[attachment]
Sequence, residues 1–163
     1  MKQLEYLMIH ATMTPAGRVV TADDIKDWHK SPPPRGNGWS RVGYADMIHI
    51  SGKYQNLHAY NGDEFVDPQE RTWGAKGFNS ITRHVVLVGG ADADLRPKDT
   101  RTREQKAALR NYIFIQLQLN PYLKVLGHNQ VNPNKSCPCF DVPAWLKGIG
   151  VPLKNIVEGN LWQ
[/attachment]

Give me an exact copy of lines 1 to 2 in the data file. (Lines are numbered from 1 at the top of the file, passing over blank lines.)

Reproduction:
Sequence, residues 1–163
     1  MKQLEYLMIH ATMTPAGRVV TADDIKDWHK SPPPRGNGWS RVGYADMIHI